Share This Episode
Sunday Morning Jane Pauley Logo

CBS Sunday Morning,

Sunday Morning / Jane Pauley
The Truth Network Radio
April 5, 2020 1:14 pm

CBS Sunday Morning,

Sunday Morning / Jane Pauley

On-Demand Podcasts NEW!

This broadcaster has 257 podcast archives available on-demand.


April 5, 2020 1:14 pm

Facing a pandemic, more and more home gardeners are planting their own food, providing not just a safe source of nutrition in unsettled times, but also escape. There has been a dramatic rise -- as much as 50-percent -- in online traffic on residential networks that WERE NOT built for data-heavy two-way video conference calls. New York Times columnist Philip Galanes discusses social dilemmas for those wrestling with new kinds of conflicts created by the pandemic, and why he's an optimist about the current crisis. For patients of a Bronx, N.Y. mental health center whose doors have been closed by the pandemic, counseling via phone is a lifeline during a catastrophically anxious time. And comedy legends Mel Brooks, Carl Reiner and George Takei have advice for the "Next-Greatest Generation."




See Privacy Policy at https://art19.com/privacy and California Privacy Notice at https://art19.com/privacy#do-not-sell-my-info.

YOU MIGHT ALSO LIKE
Finding Purpose
Russ Andrews
Sound of Faith
Sharon Hardy Knotts and R. G. Hardy
The Christian Car Guy
Robby Dilmore
Cross Reference Radio
Pastor Rick Gaston
Truth Matters
Dr. Cheryl Davis
Sound of Faith
Sharon Hardy Knotts and R. G. Hardy

CBS Sunday morning podcast is sponsored by Edward college tours with your oldest daughter updating the kitchen to the appropriate decade retiring on the coast. Life is full of moments that matter and Edward Joe's helps you make the most of them. That's why every Edward Jones financial advisor works with you to build personalized strategies for now and down the road so when your next moment arrives bigger small, you're ready for it. Life is for living.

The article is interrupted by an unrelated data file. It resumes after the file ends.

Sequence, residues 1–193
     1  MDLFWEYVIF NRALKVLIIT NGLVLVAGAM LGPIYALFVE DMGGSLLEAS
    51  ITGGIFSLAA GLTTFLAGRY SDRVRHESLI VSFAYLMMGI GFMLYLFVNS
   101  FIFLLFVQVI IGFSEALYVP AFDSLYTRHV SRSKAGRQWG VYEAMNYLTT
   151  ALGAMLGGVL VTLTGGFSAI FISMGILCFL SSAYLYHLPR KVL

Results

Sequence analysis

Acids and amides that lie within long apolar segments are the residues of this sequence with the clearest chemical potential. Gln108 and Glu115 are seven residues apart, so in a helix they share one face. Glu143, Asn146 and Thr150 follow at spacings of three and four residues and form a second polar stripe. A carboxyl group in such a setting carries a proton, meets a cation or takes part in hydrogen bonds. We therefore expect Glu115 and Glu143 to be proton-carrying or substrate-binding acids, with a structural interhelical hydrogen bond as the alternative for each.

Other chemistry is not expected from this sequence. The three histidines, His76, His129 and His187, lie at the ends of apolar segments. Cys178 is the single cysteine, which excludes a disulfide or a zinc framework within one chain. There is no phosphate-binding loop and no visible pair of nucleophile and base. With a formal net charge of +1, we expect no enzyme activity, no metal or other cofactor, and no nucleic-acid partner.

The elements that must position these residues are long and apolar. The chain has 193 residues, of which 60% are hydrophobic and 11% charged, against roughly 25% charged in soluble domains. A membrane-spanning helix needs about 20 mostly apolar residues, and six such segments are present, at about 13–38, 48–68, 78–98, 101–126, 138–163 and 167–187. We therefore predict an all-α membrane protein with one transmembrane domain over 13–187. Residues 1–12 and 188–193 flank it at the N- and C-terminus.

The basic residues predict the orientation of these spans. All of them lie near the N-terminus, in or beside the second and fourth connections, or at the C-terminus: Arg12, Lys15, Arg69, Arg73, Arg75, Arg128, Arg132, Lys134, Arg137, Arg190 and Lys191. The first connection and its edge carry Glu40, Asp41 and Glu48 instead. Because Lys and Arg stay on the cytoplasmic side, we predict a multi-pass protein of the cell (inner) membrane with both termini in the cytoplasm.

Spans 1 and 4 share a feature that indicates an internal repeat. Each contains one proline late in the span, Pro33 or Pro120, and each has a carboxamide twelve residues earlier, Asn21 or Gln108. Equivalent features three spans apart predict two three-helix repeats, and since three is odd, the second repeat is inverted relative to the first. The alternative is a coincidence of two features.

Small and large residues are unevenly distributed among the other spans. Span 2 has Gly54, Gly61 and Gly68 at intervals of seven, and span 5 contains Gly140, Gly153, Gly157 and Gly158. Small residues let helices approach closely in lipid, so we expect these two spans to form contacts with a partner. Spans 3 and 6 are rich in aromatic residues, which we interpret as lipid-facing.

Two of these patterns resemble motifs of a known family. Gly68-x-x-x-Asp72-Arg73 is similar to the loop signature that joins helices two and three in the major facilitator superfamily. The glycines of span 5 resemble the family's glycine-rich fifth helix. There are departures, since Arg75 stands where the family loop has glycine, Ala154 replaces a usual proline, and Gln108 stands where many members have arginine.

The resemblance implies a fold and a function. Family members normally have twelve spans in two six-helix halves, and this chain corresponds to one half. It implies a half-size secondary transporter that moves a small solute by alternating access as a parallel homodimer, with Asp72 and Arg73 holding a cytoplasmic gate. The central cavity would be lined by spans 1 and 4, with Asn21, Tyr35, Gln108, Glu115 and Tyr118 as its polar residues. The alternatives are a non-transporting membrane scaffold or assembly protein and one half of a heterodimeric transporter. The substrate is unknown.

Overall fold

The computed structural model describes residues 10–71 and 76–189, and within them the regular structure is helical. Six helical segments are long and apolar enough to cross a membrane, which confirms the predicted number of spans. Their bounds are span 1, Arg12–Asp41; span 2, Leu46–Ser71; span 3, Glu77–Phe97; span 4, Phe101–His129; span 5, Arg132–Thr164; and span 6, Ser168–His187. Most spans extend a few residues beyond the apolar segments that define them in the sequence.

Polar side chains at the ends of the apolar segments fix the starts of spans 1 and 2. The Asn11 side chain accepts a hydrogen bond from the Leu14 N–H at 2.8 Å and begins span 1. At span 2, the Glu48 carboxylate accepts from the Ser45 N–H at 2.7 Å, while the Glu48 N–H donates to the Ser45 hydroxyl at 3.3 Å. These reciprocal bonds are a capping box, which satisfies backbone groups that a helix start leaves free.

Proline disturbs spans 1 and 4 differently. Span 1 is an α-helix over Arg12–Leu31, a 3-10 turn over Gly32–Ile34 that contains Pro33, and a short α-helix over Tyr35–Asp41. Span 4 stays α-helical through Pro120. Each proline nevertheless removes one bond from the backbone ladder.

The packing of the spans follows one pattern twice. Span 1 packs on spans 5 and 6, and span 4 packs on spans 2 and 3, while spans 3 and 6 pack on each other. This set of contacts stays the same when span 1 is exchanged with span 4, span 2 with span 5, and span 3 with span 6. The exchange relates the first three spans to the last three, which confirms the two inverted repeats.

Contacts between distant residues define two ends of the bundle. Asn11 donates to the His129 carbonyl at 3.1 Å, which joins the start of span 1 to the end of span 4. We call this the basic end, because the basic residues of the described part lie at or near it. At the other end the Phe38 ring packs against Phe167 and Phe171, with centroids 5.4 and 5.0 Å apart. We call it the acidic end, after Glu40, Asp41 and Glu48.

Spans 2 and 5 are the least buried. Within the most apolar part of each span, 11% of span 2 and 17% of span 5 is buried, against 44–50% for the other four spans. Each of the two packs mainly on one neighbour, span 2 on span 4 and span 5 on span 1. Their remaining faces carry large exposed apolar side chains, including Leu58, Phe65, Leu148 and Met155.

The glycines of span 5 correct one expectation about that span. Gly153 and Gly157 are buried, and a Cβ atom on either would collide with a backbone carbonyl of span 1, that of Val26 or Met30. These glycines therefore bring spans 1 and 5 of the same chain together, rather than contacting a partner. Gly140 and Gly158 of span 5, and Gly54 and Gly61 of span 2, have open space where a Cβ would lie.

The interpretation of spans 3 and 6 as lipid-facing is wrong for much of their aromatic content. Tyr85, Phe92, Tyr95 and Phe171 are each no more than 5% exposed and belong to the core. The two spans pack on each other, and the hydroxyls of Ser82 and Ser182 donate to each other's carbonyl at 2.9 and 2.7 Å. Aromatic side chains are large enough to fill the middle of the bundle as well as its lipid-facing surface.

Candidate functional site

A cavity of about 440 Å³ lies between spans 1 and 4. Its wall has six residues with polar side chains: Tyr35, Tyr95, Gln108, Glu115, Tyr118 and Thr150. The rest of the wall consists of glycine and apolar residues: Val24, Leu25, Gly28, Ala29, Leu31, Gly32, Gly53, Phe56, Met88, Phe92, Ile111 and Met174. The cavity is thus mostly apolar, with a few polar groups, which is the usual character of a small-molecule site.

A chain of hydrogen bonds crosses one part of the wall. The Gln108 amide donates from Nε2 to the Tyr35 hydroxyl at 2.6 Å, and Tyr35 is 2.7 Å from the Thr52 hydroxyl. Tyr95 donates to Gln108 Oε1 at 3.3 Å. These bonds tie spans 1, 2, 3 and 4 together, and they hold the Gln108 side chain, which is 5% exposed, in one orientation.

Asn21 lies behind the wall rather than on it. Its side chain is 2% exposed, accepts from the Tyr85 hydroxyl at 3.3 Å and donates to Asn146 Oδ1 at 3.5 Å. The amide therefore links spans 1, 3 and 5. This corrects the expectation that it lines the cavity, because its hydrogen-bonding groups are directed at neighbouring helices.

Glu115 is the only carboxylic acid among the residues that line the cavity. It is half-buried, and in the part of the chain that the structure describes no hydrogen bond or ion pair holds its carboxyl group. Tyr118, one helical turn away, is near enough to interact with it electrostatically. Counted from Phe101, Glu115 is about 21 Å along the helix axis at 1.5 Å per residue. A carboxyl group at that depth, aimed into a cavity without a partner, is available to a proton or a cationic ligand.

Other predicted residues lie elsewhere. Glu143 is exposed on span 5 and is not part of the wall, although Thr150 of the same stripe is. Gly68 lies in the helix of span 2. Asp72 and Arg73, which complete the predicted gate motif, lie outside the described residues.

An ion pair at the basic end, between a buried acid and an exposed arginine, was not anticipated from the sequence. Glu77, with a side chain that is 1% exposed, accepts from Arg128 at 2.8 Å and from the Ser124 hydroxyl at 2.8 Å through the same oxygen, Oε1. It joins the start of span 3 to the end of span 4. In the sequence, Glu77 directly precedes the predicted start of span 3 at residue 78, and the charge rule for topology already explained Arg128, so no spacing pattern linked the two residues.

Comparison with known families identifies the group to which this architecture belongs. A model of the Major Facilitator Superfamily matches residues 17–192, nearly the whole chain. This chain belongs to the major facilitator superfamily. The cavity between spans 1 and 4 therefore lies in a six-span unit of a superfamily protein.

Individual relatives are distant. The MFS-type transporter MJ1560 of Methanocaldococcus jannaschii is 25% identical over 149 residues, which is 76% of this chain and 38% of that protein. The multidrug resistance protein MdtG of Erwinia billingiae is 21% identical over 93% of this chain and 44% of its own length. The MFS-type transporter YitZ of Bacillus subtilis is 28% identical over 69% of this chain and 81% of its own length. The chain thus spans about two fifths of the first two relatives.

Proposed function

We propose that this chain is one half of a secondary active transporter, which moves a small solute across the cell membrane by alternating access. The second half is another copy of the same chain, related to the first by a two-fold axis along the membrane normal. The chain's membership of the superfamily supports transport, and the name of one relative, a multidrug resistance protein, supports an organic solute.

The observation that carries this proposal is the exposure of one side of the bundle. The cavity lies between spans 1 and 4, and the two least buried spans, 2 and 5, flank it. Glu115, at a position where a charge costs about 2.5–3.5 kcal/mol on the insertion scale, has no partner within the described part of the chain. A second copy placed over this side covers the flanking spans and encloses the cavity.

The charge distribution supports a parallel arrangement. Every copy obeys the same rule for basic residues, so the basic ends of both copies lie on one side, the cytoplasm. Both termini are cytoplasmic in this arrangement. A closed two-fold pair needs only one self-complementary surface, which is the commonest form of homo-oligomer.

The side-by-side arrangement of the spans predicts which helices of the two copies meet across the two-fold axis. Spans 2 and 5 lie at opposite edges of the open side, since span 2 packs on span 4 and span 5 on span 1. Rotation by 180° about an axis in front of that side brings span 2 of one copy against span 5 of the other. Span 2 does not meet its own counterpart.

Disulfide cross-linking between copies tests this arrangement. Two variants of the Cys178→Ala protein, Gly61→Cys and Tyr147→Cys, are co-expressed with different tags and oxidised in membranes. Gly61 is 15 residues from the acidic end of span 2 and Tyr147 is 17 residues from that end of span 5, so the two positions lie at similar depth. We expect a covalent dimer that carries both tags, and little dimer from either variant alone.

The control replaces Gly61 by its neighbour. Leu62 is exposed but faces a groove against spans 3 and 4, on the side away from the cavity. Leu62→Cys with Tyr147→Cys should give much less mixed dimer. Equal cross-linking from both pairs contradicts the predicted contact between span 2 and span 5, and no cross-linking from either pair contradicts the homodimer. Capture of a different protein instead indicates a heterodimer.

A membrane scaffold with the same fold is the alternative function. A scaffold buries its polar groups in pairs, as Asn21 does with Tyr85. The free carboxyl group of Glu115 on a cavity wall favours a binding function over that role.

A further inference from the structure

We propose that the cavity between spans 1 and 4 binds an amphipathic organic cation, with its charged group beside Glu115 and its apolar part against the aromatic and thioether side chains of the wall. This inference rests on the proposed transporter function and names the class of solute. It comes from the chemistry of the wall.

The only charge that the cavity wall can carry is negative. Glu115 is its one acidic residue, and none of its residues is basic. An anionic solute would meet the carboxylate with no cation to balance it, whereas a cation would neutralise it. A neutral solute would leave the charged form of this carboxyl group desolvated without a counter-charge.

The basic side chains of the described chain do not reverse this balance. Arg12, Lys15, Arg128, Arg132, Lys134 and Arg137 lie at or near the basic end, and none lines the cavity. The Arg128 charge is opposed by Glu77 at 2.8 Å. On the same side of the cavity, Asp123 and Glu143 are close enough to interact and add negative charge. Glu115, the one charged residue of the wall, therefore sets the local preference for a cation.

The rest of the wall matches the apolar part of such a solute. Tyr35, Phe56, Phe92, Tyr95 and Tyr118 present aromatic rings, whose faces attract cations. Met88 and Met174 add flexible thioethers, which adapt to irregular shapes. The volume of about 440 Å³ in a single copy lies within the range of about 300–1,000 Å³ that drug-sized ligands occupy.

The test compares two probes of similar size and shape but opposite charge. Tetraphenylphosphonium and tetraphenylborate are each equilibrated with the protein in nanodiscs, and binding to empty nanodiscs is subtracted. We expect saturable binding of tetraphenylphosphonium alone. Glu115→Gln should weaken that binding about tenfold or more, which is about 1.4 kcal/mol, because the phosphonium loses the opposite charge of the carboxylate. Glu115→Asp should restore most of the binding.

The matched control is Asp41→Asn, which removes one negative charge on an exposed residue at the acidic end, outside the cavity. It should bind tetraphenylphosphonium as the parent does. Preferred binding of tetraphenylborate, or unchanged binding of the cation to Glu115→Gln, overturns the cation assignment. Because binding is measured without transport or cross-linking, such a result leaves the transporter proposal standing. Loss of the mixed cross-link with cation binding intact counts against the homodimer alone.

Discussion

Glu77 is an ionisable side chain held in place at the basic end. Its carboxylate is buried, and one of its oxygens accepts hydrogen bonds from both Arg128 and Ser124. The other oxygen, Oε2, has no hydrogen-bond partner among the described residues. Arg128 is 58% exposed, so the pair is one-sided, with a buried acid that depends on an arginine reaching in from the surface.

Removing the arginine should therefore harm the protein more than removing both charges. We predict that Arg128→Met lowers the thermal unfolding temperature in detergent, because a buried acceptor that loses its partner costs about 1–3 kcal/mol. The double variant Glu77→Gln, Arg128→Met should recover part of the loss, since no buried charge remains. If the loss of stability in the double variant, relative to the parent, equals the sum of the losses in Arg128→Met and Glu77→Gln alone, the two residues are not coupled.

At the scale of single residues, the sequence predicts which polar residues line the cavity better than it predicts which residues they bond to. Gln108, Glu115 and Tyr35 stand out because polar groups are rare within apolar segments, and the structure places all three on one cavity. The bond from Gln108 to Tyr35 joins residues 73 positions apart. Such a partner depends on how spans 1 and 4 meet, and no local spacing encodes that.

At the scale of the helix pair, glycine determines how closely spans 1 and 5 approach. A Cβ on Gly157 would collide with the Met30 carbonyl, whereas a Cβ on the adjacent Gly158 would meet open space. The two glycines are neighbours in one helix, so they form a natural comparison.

Let's partner for all of it. Learn more@edwardjones.com morning. I'm Jane Foley and this is one Sunday morning. Back in New York. Although still not back home on our set, like so many things for so many of us that will have to wait a few weeks. We begin this morning with a look at the numbers. The number of coronavirus cases exploded this past week, as did the number of those we've lost, and then there's the havoc this pandemic is wreaking on the nation's economy. That's where will begin this morning. First things first with money correspondent Jill's messenger and then at a time when all of us are using the Internet star David Pogue if the Internet can handle all of us logging on at the same time.

That's our cover story is more and more Americans do their work and take their classes at home over video more of them are having problems with the Internet it's almost as though it were offering here every third word that would freeze completely and that would be it. There a lot of traffic is increasing pretty dramatically, especially during working hours on these residential networks as we move our entire lives online. Can the Internet hold up ahead on Sunday morning and then it's on to the tall, all of this is taking on our emotional health.

Susan Spencer is on the case, the stress, the anxiety, the emotions that are provoked by this crisis are truly significant as New York Gov. Andrew Cuomo recently made clear mental health is but one more casualty of this pandemic. So where do you think you'd be if in fact they had discontinued therapy altogether. I don't even want to think about Katie therapy in the age of quarantine later on Sunday morning.

They say laughter is the best medicine.

And this morning Ben Mankiewicz has proof he's in conversation with comedy legends Mel Brooks and Carl Reiner Maria yet. What a cutie did you know they are college legends best friends in World War II veterans yet is when Brad we rallied for the concrete work; I last one.

Okay ahead on Sunday morning.

Tracy Smith looks at the return of the victory garden. Luke Burbank meets a real pinball wizard maraca asked what's the deal with toilet paper. Once again Jim Gaffigan recaps his families week and more on this Sunday morning 5 April 2020 when we return.